Secret In Their Eyes appears in an aspect ratio of approximately 2.40:1 on this Blu-ray Disc. Across the board, the transferred looked pretty good.
Sharpness was fine. A little softness occurred in some wide shots, but those instances didn’t become a concern. Overall definition seemed positive. I noticed no jagged edges or moiré effects, and the presentation lacked apparent edge haloes or other artifacts. I also saw no print flaws, as the movie always seemed clean.
In terms of colors, Secret opted for a cool palette that emphasized teals and tans. While not exciting, the colors looked fine within the design parameters. In addition, blacks were dark and tight, while low-light shots were decent; some could be a bit dense, but they weren’t bad. This was a generally positive presentation.
As for the film’s DTS-HD MA 5.1 soundtrack, it added breadth to the experience. The movie didn’t deliver a rock-em-sock-em soundscape, but it managed to open up well, especially when it dealt with street scenes; those showed a nice sense of the atmosphere.
A few louder sequences made more dynamic use of the spectrum, but those didn’t pop up with great frequency. Instead, the emphasis on general environment remained, and that was fine. I felt the soundfield fit the material.
Audio quality always pleased. Speech remained natural and concise, with no edginess or other flaws. Music sounded full and dynamic, while effects came across as accurate and clear. All of this suited the film and earned a solid “B”.
The disc comes with a smattering of extras, and these open with an audio commentary from director/screenwriter Billy Ray and producer Mark Johnson. Both sit together for this running, screen-specific look at the original movie and its adaptation, story/character areas, cast and performances, sets and locations, music, editing, and related domains.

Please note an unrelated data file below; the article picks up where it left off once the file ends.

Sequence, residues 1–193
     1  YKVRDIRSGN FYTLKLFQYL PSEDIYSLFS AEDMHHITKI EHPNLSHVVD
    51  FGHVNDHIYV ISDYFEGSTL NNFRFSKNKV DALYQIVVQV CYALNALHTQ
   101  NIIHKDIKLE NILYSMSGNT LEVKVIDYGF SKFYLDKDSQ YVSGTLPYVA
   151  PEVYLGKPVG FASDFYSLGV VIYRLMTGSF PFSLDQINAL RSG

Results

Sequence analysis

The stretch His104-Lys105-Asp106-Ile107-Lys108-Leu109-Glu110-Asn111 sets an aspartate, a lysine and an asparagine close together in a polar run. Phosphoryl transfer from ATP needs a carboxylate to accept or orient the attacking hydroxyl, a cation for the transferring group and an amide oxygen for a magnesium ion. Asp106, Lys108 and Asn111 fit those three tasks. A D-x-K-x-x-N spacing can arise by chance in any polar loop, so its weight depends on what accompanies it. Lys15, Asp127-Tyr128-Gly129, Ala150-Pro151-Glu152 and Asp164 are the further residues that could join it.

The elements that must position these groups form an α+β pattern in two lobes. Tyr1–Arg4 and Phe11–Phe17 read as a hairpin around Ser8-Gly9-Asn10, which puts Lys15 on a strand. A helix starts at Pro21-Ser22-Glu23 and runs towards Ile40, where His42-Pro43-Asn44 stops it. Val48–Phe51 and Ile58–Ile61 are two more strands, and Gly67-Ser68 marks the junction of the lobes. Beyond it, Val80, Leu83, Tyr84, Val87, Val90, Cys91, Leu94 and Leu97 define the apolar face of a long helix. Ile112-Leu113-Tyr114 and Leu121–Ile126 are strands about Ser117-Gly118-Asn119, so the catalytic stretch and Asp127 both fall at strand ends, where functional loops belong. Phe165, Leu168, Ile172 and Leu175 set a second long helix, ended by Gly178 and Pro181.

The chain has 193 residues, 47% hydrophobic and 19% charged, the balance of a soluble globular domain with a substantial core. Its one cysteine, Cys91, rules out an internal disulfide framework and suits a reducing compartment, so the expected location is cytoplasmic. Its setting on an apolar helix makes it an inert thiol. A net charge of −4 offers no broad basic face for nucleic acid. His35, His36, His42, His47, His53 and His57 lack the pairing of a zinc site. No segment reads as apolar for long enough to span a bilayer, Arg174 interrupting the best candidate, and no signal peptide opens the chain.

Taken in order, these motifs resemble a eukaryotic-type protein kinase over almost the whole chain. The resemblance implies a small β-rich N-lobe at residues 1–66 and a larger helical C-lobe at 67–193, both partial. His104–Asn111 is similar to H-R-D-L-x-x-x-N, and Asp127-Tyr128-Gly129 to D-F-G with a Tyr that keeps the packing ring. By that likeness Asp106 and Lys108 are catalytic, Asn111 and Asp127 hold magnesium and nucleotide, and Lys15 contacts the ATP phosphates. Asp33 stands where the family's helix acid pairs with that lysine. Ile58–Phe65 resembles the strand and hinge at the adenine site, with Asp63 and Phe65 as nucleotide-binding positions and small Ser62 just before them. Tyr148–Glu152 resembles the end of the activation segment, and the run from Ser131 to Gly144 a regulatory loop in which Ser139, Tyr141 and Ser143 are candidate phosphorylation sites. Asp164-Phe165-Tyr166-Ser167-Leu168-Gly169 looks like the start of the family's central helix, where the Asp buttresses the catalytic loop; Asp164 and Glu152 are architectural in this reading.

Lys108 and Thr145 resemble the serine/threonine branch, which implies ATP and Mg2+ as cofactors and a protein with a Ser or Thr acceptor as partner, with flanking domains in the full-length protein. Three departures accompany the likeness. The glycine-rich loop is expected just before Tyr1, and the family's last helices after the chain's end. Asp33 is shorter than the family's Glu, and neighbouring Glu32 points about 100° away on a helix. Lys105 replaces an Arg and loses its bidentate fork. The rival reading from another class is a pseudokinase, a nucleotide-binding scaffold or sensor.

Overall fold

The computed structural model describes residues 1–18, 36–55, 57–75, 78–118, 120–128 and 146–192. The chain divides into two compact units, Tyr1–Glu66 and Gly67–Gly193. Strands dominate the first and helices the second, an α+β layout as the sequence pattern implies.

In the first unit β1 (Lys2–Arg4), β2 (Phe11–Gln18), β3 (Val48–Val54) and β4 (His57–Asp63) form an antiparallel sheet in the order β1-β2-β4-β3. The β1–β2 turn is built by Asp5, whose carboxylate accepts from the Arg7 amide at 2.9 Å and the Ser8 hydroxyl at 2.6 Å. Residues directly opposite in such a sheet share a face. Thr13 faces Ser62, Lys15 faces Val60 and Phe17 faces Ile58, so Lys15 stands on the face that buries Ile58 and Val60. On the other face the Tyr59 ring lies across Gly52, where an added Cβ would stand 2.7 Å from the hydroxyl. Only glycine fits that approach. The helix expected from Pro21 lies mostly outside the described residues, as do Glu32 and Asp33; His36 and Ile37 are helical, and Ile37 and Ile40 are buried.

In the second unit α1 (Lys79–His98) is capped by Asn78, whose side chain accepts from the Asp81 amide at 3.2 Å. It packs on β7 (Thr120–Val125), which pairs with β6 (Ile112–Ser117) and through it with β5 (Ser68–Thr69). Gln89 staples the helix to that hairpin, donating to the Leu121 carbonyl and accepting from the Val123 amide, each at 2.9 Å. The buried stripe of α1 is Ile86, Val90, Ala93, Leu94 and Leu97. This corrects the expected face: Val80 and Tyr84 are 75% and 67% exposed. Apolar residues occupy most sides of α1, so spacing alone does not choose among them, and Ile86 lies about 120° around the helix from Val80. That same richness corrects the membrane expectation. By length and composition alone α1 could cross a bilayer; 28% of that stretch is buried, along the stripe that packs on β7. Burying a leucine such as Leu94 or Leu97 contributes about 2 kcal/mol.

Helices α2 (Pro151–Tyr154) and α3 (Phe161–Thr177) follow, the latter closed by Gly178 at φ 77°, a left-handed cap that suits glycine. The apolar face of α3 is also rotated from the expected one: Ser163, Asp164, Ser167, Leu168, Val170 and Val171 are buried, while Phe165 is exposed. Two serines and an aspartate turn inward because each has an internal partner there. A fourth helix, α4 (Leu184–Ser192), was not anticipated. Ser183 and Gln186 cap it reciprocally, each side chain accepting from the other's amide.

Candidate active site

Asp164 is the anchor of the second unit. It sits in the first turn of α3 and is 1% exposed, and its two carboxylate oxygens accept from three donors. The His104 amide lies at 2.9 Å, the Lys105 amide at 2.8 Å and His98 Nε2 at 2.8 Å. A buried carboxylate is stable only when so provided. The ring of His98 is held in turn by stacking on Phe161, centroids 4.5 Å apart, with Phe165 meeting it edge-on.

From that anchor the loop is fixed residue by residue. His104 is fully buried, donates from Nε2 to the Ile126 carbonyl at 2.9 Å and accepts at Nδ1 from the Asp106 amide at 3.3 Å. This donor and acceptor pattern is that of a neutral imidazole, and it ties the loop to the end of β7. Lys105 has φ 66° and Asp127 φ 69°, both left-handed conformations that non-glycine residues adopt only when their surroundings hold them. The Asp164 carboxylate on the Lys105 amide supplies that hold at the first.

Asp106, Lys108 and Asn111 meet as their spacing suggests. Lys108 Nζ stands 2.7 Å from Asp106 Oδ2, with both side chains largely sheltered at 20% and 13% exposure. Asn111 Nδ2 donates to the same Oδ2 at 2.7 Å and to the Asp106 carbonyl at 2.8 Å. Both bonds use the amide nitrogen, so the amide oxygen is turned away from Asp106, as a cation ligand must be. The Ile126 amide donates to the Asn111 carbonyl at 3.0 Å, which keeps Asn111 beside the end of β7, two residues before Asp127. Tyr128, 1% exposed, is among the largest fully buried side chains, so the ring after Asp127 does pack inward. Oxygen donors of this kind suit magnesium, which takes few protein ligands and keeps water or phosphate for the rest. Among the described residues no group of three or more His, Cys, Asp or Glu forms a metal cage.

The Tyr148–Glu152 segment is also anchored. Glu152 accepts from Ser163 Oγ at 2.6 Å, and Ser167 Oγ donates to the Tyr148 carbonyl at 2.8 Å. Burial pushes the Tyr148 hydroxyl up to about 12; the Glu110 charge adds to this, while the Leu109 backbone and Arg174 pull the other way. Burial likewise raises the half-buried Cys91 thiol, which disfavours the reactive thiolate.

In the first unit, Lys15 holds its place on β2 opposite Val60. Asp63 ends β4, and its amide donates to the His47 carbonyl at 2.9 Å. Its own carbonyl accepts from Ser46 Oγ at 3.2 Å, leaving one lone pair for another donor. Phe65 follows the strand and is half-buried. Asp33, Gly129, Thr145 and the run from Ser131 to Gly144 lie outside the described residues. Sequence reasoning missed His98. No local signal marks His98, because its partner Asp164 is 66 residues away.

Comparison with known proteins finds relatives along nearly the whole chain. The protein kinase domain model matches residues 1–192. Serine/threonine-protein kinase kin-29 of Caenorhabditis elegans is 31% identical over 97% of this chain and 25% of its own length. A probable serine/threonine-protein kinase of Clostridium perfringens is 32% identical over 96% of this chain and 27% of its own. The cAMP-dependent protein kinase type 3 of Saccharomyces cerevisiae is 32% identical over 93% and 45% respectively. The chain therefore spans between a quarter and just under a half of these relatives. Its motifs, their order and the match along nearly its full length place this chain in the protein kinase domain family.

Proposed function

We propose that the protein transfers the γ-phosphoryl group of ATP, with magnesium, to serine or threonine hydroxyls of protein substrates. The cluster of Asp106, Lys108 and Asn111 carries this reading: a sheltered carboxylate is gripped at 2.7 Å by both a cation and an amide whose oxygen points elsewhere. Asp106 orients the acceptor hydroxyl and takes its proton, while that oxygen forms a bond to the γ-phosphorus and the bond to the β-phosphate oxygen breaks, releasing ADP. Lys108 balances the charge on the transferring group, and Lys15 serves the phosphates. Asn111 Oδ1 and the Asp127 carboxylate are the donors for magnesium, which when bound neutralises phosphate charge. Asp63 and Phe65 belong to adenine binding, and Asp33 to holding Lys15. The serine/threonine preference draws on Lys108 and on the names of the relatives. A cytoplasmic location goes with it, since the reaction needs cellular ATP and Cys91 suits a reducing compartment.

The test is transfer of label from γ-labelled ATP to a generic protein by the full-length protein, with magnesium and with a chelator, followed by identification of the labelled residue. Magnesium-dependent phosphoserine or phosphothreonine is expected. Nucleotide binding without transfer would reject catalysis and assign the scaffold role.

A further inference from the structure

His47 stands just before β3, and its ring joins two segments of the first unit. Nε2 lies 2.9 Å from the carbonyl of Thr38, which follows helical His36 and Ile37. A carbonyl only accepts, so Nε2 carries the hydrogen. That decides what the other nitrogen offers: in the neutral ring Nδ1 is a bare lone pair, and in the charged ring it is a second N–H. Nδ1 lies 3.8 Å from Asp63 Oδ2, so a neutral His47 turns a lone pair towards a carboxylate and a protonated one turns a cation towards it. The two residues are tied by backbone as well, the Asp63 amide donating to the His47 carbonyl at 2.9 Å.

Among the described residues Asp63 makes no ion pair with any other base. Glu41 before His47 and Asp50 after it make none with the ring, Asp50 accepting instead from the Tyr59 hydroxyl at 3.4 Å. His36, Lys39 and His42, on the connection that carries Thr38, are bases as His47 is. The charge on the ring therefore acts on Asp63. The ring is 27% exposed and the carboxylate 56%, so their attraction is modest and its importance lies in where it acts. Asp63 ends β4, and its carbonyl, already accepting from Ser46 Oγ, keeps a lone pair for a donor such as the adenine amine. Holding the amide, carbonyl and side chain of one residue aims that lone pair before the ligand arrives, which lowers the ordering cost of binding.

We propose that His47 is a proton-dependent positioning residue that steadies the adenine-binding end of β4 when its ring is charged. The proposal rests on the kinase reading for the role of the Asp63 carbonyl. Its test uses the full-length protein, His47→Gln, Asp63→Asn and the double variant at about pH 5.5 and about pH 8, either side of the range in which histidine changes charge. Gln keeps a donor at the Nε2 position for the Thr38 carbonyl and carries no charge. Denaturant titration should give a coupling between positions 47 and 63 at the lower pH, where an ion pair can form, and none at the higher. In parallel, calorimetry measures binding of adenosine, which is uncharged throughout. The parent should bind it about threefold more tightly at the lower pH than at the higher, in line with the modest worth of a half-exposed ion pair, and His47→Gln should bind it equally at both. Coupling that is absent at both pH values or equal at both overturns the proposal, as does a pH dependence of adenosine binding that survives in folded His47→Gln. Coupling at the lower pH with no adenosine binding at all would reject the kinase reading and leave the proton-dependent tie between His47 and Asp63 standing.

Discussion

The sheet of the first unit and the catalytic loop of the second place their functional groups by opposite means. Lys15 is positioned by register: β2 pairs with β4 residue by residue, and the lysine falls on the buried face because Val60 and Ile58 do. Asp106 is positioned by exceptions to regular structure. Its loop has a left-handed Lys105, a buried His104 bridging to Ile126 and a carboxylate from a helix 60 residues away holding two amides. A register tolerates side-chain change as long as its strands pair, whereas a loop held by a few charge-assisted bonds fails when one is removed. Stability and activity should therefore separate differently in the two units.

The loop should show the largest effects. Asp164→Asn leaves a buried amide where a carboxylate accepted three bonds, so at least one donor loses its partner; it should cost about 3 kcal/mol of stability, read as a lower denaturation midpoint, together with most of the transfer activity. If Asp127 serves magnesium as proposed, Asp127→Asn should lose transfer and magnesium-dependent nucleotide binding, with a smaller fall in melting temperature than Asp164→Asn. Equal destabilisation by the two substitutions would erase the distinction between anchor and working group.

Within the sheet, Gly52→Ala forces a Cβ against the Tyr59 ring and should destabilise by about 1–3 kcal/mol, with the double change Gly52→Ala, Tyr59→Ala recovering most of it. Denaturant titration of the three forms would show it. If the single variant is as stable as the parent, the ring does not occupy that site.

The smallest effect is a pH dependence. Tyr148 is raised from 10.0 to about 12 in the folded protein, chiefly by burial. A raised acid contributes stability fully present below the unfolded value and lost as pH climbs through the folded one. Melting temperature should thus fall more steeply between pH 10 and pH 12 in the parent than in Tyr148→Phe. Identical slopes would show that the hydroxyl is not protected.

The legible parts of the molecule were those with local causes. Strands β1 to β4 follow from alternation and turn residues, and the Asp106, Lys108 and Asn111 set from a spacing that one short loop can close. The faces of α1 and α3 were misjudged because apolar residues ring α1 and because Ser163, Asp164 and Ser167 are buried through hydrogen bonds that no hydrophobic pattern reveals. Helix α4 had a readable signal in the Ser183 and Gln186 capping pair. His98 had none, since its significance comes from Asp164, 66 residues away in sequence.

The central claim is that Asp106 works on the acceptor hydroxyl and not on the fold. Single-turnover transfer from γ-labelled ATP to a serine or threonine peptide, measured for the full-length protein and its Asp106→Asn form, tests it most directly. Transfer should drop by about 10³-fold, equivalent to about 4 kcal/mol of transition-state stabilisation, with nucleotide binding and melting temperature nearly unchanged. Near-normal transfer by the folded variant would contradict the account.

Ray does most of the heavy lifting here, and I’m fine with that, as he gives us a good look at the project. We find a nice array of details and receive a solid overview of the production. This ends up as a satisfying commentary.
Two featurettes follow. Adapting the Story For Today’s World lasts one minute, 59 seconds and offers info from Ray, El Secreto de Sus Ojos executive producer Juan Jose Campanella, and actors Julia Roberts, Chiwetel Ojiofor, and Nicole Kidman, “World” tells us a little about bringing the American remake to the screen. It offers nothing more than a glorified trailer.
Julia Roberts Discusses Her Most Challenging Role goes for three minutes, 23 seconds and features notes from Roberts and Ray. We get a few thoughts about Roberts’ approach to a key movie scene. It contains a bit more detail than the superficial “World”, but it still exists mainly as a promo piece.
The disc opens with ads for Desierto, The Danish Girl, Steve Jobs, Spotlight, Suffragette and Trumbo. No trailer for Secret shows up here.
A second disc presents a DVD copy of Secret. It includes the same extras as the Blu-ray.
With a strong cast and an intriguing story, I hoped to get a tight, deep thriller from Secret In Their Eyes. Instead, problematic storytelling choices make it inconsistent and plodding. The Blu-ray delivers mostly good picture and audio along with a few supplements led by an informative audio commentary. The movie ends up as a definite disappointment.